Thursday, November 25, 2010

A drunken Irishman and a clueless English man walk into the jungle…

One of my favorite adventure novels is Shout at the Devil, by Wilbur Smith (first published in 1968). An aging and alcoholic Irish-American expatriate named Flynn Patrick O’Flynn lives in British East Africa in the years just before World War I, making his living by crossing over into German-controlled territory and poaching elephant ivory.

To give his latest plan a vague sense of legitimacy, he cons a none-to-bright Englishman named Sebastian Oldsmith into joining up with him. The idea is to “annex” a small island for the British Empire, then use that as a base to hunt elephants.

It’s a dumb plan, but Flynn doesn’t always think things out either. Soon, he’s wounded and most of his men are dead after the local German commissioner, the obese and sadistic Herman Fleischer, attacks his camp. And it’s suddenly up to Sebastian to get Flynn and the surviving men out alive.

To everyone’s surprise, including Sebastian’s, he turns out to be quick-thinking when things get dangerous. But this is the sort of story in which one thing leads to another. There’s a whole series of edge-of-your-seat adventures—all described with gusto and humor by the author—before the two protagonists get back to Flynn’s home. They outrun the Germans in a boat race downriver to the ocean, where they are sunk by a German warship and left adrift on a small raft. Flynn’s wound becomes infected and Sebastian has to perform some surgery with a hunting knife. Food and water run low. And so on and so on.

Once safe at home, Sebastian wastes no time in falling in love with Flynn’s beautiful daughter Rosa. A few adventures later, though, and the book takes an abrupt and tragic turn as war breaks out. Fleischer, now able to cross the border, attacks Flynn’s home and… well, I did mention there’s tragedy involved, right?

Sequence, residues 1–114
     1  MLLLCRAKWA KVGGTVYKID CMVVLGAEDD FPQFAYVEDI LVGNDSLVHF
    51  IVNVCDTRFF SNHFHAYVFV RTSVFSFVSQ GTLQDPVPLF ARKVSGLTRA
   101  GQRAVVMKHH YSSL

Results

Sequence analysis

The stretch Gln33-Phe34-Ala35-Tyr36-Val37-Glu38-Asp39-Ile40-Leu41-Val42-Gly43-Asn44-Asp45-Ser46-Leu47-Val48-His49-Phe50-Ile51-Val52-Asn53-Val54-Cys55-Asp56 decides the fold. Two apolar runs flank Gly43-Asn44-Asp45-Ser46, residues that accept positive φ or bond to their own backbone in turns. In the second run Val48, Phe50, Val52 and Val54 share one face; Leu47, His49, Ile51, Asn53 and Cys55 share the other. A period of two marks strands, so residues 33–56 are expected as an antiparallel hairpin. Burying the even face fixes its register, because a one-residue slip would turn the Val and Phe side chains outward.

It’s amazing how well Smith manages to pull off this sudden shift in atmosphere. What was a fairly light-hearted adventure suddenly becomes a much darker tale of revenge, but the action and sense of adventure continue apace. The humor never entirely disappears, either, though it pops up less often. The shift might have made the book seem unsatisfying or thematically schizophrenic, but instead it all still hangs together into a single coherent story. It may all be a matter of pacing—the action sequences follow one another so quickly and effectively that everything else is just sort of carried along with them. When the finale arrives—involving an attempt to sneak a bomb aboard a damaged German battleship—the reader finds himself on the edge of his seat.

Flynn and Sebastian are great characters, an unlikely pair of allies who work well together despite themselves. Flynn is a perpetually drunken rogue, but you find yourself liking him anyways. Sebastian is in over his head most of the time, but he has an innate sense of decency and loyalty that works as a balance to Flynn’s excesses. I don’t think either of them could hold up as a novel’s protagonist by themselves, but together they make an effective composite hero.

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